Fairman v. MorsAnnotate this Case
JOHN E. FAIRMAN, a Minor, etc., Appellant, v. HAL S. MORS, Respondent.
Joseph W. Pierce for Appellant.
Hunter & Liljestrom for Respondent.
MOORE, P. J.
The question for decision in this case is whether, in the absence of an allegation either (1) of facts showing that he was a passenger for hire or (2) of facts amounting to wilful misconduct or intoxication, a complaint for personal injuries received by an occupant of an automobile owned and operated by another states a cause of action.
After a demurrer to plaintiff's original complaint had been sustained, his amended complaint stated substantially as follows: that in June, 1941, "defendant was driving, operating, managing, and controlling" a sedan automobile on a business highway; that plaintiff was then and there riding in a Ford roadster "which was attached to and was being towed and propelled by" the sedan; that the roadster "was being driven, steered and operated by one Gaines Mors"; that the sedan was negligently "driven, operated, managed, and controlled" by defendant; that as the direct and proximate result thereof the roadster was thrown off the highway and over a steep bank at the left side; and that plaintiff was thereby seriously injured.
The demurrer to the amended complaint was sustained without leave to amend, following which a judgment of dismissal was entered.
Section 403 of the Vehicle Code provides as follows: "No person who as a guest accepts a ride in any vehicle upon a highway without giving compensation for such ride, nor any other person, has any right of action for civil damages against the driver of such vehicle or against any other person legally liable for the conduct of such driver on account of personal injury to or the death of such guest during such ride, unless the plaintiff in any such action establishes that such injury or death proximately resulted from the intoxication or wilful misconduct of said driver."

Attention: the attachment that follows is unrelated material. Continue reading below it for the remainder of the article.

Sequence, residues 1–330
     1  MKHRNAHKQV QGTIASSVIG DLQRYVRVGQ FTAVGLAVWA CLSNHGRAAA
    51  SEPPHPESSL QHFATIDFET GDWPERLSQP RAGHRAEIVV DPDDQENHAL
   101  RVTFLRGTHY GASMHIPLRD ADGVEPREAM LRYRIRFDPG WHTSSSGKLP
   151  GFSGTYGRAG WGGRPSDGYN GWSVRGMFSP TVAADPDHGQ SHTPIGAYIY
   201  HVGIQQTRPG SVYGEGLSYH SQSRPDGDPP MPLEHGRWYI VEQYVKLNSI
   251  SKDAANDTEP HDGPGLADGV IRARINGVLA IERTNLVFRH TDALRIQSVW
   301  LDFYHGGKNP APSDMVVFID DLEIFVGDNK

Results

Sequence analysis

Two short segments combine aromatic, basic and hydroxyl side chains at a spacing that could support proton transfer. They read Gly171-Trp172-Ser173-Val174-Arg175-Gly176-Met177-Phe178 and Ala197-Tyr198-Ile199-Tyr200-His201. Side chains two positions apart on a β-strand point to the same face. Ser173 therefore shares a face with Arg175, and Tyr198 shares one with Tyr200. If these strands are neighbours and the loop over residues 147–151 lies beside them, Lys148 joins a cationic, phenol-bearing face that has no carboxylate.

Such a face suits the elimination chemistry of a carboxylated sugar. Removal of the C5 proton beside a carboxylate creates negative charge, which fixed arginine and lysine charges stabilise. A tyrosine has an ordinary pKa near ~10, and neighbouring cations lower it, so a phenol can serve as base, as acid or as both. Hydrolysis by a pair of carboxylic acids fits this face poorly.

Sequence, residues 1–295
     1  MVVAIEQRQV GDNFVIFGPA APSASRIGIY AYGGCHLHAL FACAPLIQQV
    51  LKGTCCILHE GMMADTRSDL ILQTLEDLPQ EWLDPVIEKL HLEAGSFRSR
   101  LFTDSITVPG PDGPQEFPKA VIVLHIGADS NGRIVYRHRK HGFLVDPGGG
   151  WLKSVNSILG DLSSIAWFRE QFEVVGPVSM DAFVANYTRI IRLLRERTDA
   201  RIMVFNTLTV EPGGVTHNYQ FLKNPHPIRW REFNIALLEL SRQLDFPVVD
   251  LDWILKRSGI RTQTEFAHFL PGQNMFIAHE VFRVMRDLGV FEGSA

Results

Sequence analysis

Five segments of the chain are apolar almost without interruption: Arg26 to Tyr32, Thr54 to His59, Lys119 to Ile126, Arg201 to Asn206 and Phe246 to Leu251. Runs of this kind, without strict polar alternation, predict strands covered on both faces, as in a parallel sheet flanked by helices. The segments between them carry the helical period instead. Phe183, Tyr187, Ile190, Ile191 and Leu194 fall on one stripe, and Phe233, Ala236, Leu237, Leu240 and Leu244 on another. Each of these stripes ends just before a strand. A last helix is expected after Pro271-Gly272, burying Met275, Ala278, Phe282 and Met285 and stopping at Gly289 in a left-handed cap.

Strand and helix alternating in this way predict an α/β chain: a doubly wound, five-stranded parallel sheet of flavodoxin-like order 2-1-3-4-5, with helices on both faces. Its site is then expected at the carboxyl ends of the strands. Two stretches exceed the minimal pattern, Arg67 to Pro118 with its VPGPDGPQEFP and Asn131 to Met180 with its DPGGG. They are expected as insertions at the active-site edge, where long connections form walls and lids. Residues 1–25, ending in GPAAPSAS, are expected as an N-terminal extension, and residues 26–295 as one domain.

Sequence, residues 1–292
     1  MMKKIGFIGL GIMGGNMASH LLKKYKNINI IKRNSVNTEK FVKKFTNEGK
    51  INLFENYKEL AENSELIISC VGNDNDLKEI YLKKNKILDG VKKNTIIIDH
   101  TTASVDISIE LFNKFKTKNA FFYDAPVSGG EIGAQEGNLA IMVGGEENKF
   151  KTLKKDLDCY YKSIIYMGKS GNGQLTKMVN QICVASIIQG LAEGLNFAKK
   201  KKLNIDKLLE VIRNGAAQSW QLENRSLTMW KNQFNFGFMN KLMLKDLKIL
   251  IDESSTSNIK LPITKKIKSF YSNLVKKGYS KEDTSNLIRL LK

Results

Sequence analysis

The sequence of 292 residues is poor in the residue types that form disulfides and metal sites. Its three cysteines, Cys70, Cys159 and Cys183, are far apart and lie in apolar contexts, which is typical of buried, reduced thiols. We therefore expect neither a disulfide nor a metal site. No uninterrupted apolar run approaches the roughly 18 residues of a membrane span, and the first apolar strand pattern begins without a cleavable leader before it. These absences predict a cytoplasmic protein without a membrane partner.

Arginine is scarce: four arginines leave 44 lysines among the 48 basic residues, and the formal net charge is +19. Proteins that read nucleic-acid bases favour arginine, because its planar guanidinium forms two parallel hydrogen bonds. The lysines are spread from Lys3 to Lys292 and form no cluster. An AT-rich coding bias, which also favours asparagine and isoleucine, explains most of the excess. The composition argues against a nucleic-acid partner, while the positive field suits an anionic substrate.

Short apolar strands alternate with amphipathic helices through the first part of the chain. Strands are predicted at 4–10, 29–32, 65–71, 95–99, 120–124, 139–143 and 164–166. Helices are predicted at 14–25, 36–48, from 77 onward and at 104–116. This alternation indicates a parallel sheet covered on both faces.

In construing this statute, it is the paramount duty of [55 Cal. App. 2d 218] the court to ascertain its true meaning, that is, to understand the purposes and objects of the act. (Perry v. Cross, 172 Cal. 468 [156 P. 1031].)  To us it is crystal clear that the intention of the lawmakers in enacting this section was to prevent recovery on account of mere negligence of a motorist by those persons who, on the highway, accept gratuitous rides in vehicles traveling there. The section contemplates that the only circumstance under which the operator of a vehicle becomes liable for his acts is: (1) when the injury to the guest proximately results from the intoxication of the operator, or, (2) from his wilful misconduct. Although either guest or passenger for pay had the right of action at common law against the operator of a vehicle in which he was transported, the section is such a distinct modification of the ancient rule that it must be considered a part of the law fixing one's right of recovery.
 Plaintiff contends that since the general demurrer admits all of the material allegations, such facts as may be inferred therefrom must be imputed to the complaint the same as though they had been directly charged. (McKay v. New York Life Insurance Co., 124 Cal. 270 [56 P. 1112].) He insists that the mere allegation that plaintiff was riding in one of two vehicles involved in the accident is consistent with the theory that he was a "passenger" rather than a "guest," and that he had paid for his ride. But such cannot be the rule in the application of section 403, in the enactment of which it was clearly the purpose of the Legislature to prevent recovery by the guest except in cases of intoxication or wilful misconduct of the driver. (Bummer v. Liberty Laundry Co., 48 Cal. App. 2d 648, 649 [120 P.2d 672].)